This Kitchen’s Got Soul

Jon Bon Jovi's new restaurant is dedicated to helping low-income families get a healthy meal, and it has already exceeded expectations.

Photo by Robert Yaskovic/Agency New Jersey.
Rock star Jon Bon Jovi greets guests at the opening of Soul Kitchen in Red Bank, where meals are provided for the needy.
Photo by Robert Yaskovic/Agency New Jersey.

It’s 11:30 on a chilly Sunday morning, and a line is already forming outside Soul Kitchen, Jon Bon Jovi’s new restaurant in Red Bank. The spot has only been open about a month, but interest is high in the rock star’s new venture—an eatery dedicated to helping low-income families get a healthy meal.

Some hope to catch a glimpse of Bon Jovi himself; the Sayreville native has a house nearby in Middletown and often drops by to lend a hand washing dishes. Others are waiting to try dishes on the ambitious menu, such as cornmeal-crusted catfish, rainbow beet salad or roast chicken with mashed sweet potatoes. But most drop by to offer their support; customers make donations so that those who can’t pay can be fed.

“I originally came here to eat because I felt it was a really great way to go out and know your money is going to something useful for the community,” says Christina Georgas, a Brick resident who has returned to Soul Kitchen as a volunteer waitress. Wearing a T-shirt with the restaurant’s slogan, “Hope Is Delicious,” Georgas says she enjoyed her grilled salmon, but it was the atmosphere that inspired her to volunteer. “I wanted to be a part of what they’re trying to accomplish.”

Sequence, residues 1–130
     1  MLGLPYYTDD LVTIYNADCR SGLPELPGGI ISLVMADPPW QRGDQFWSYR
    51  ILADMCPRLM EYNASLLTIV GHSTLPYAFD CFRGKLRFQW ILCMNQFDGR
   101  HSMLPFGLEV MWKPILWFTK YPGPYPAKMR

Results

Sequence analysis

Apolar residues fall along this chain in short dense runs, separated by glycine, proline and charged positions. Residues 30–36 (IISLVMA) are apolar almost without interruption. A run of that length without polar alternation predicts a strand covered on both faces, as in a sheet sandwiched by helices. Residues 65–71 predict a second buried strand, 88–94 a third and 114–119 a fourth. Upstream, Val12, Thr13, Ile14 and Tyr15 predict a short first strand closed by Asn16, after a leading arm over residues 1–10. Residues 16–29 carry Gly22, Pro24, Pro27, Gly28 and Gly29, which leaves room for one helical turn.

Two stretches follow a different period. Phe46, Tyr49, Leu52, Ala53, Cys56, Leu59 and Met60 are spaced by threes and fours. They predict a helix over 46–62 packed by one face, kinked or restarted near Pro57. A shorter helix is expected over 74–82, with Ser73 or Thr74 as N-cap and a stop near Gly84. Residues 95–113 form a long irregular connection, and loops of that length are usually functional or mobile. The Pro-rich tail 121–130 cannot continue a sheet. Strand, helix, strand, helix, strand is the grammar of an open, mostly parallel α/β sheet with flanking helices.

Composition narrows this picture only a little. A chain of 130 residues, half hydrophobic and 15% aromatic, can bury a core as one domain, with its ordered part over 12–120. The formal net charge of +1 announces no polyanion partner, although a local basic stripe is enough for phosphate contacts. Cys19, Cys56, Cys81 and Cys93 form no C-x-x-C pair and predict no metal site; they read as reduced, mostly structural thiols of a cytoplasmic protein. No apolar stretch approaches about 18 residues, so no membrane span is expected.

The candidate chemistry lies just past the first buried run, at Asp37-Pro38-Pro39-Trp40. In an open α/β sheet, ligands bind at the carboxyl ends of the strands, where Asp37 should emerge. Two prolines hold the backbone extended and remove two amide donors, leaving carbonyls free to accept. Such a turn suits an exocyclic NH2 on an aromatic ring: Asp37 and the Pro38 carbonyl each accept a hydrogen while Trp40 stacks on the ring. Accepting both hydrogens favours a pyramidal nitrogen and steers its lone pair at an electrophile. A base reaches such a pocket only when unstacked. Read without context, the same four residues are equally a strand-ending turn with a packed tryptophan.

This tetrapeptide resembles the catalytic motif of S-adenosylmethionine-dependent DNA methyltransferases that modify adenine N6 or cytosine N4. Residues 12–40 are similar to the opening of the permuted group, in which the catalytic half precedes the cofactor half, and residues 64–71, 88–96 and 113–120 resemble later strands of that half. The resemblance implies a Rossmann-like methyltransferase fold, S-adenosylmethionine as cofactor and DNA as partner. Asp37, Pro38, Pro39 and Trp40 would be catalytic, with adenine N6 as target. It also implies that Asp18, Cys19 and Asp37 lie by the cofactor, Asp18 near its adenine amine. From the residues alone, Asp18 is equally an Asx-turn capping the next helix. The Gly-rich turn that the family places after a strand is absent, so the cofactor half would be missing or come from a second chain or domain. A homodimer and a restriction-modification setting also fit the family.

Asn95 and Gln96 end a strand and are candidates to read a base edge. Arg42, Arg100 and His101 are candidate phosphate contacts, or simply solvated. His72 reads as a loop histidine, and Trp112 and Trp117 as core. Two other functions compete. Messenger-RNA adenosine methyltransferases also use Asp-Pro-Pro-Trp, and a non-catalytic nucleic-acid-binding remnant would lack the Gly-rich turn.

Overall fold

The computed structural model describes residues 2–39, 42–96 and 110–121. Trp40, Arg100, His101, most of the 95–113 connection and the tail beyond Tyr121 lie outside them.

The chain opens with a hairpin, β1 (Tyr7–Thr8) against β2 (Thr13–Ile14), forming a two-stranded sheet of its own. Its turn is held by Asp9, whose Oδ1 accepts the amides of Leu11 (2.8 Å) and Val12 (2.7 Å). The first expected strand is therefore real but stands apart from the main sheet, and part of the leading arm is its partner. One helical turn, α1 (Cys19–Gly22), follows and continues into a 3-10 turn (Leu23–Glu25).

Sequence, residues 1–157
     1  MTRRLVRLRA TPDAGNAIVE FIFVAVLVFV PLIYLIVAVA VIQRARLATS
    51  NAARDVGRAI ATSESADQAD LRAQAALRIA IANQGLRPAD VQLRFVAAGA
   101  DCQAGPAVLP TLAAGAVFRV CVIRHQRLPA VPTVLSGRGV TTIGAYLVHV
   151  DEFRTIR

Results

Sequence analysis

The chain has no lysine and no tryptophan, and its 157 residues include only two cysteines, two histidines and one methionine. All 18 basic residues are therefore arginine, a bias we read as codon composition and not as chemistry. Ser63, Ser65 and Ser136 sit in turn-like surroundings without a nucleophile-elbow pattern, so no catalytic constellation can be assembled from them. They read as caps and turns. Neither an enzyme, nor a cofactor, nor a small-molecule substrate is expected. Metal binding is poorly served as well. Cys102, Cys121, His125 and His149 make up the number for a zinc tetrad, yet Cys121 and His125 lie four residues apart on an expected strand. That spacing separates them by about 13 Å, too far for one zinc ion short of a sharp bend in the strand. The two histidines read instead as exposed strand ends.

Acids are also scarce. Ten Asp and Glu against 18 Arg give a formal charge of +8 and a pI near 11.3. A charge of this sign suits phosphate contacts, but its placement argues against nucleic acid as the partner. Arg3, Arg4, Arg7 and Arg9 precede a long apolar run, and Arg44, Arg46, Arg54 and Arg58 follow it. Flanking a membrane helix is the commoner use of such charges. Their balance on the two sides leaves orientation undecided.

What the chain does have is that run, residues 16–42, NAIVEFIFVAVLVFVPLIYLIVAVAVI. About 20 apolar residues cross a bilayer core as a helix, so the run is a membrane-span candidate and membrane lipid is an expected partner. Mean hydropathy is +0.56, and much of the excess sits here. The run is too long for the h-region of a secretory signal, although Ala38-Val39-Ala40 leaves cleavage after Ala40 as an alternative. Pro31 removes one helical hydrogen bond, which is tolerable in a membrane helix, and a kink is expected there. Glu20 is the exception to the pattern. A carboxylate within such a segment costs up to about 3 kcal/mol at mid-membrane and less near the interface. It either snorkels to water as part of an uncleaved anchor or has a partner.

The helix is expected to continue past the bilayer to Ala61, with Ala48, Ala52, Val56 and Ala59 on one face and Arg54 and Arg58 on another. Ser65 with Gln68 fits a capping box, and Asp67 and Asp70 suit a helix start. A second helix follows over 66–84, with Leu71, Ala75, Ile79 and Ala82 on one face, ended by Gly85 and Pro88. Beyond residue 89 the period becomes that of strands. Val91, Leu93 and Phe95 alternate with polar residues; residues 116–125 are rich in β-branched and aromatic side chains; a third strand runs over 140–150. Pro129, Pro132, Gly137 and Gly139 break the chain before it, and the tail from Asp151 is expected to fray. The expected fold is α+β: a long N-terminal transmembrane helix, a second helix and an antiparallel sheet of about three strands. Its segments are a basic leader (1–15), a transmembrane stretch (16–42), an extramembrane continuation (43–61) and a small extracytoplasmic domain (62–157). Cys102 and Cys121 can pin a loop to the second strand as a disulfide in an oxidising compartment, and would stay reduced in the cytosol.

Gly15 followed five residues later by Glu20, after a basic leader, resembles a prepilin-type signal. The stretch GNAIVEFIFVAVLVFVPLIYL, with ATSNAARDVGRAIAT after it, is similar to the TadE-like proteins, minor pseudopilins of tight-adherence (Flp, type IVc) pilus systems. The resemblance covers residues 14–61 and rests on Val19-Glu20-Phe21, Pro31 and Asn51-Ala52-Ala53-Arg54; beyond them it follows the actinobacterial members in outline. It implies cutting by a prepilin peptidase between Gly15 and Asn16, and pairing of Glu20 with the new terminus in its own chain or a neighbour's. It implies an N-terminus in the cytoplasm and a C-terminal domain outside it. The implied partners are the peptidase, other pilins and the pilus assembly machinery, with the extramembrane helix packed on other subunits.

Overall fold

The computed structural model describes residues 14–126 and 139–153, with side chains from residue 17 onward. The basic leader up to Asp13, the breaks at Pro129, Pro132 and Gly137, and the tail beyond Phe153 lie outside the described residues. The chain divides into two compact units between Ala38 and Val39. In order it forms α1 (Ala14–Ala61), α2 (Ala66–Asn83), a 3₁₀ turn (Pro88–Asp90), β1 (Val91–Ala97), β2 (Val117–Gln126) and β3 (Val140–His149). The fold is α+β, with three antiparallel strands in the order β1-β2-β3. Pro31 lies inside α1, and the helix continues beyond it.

For now, Soul Kitchen, which opened October 20, serves dinner Thursday through Saturday and brunch on Sunday. Averaging roughly 90 customers per meal, the restaurant has attracted patrons from as far as Virginia. The turnout so far exceeded the expectations of Bon Jovi and his wife, Dorothea, who were hoping for closer to 60 diners a day. 

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Housed in a renovated car-repair shop, the restaurant feels like an upscale café, not a soup kitchen. It has a dozen black tables adorned with battery-powered candles and white linen napkins. Dark wood pantry shelves stretch 15 feet from the concrete floor to the ceiling. Modern glass chandeliers hang above the tables.

“What we’re doing is trying to empower the community to get past any kind of judgment of those who need assistance,” says Bon Jovi, whose Soul Foundation has also built some 270 homes nationwide for the needy. “We don’t need another for-profit restaurant in the world.”

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